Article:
Facility Maintenance Decisions

Chemical Considerations for Successful Drain Cleaning



It's crucial to understand the four basic types of drain cleaners and how they should be used to ensure success.


By James Piper, P.E.   Maintenance & Operations

OTHER PARTS OF THIS ARTICLEPt. 1: How to Keep Drains Clean and Facilities FlowingPt. 2: Understanding Types of Drain Cleaning Equipment Pt. 3: This Page
drain cleaning

There are four basic types of chemical drain cleaners: acid, caustic, oxidizing and enzymatic. Each type reacts with the material of the clog, breaking it down chemically and dislodging it. To be effective, technicians must introduce the cleaner into the drain as close as possible to the blockage.

Acidic cleaners typically contain sulfuric or hydrochloric acid that reacts with the material in the blockage. The reaction produces heat that helps chemically break down the blockage. They work well on hair and grease, and they can dissolve small pieces of paper and other solids in the drain.

Caustic cleaners typically contain caustic soda, sodium hydroxide or lye. As with acidic cleaners, they break down the blockage through heat and chemical reaction and work well on hair and grease.

Oxidizing cleaners contain bleach, peroxides or nitrates. These chemicals work by releasing heat and oxidizing the organic material of the clog. As with other chemical drain cleaners, they work well on organic materials.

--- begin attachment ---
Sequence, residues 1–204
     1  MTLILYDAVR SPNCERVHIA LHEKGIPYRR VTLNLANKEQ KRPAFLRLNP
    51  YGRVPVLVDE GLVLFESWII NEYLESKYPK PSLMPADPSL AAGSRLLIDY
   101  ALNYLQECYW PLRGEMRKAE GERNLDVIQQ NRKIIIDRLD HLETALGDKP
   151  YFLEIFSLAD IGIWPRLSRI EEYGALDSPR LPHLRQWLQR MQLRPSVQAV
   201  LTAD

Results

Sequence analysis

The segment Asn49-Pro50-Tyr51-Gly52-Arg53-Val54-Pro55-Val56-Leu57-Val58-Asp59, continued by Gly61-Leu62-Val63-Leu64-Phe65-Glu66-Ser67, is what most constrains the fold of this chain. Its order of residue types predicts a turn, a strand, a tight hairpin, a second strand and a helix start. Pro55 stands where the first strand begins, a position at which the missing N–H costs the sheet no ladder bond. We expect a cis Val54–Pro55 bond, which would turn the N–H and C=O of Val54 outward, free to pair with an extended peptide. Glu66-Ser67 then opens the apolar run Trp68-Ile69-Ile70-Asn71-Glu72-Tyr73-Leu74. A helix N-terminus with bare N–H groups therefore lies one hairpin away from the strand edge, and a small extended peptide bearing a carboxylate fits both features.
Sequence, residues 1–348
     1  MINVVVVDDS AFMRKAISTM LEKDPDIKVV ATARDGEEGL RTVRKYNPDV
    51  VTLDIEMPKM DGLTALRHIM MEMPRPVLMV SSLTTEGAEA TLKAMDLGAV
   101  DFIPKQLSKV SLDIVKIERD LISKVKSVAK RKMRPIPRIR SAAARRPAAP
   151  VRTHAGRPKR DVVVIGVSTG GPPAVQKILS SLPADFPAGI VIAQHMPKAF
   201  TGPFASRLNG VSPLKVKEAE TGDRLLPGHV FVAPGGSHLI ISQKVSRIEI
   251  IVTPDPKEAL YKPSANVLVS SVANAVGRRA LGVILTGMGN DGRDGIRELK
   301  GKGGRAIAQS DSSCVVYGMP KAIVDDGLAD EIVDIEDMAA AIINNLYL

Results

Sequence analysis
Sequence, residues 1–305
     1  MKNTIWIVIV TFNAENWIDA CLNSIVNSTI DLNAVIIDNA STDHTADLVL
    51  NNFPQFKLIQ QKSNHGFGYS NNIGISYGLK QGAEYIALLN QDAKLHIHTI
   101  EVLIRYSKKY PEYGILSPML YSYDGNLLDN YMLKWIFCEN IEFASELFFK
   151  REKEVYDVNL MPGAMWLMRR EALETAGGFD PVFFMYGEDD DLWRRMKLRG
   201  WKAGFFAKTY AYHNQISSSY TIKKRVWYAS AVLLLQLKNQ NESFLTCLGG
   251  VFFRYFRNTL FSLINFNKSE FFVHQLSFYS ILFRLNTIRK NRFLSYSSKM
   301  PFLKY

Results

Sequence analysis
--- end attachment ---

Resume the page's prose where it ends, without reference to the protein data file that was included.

Enzymatic cleaners work differently than other chemical cleaners. Instead of breaking down the blockage through heat and chemical reaction, they use bacteria and enzymes that feed on the organic material of the blockage, breaking it down. They offer a more sustainable approach to drain cleaning in that they do not introduce toxic chemicals into the water. Their biggest drawback is that they work much more slowly than other chemical drain cleaners and can take several hours to clear a blockage.

Technicians must use chemical drain cleaners with care, avoiding physical contact with the chemicals because they can cause serious burns or blindness, and should never mix different types of cleaners. If overused, chemical drain cleaners also can damage the piping.

James Piper, P.E., is a national consultant based in Bowie, Md. He has more than 35 years of experience with facilities maintenance, engineering and management issues.


Continue Reading: Drain Cleaners

How to Keep Drains Clean and Facilities Flowing

Understanding Types of Drain Cleaning Equipment

Chemical Considerations for Successful Drain Cleaning



Contact FacilitiesNet Editorial Staff »

  posted on 8/26/2020   Article Use Policy

Comments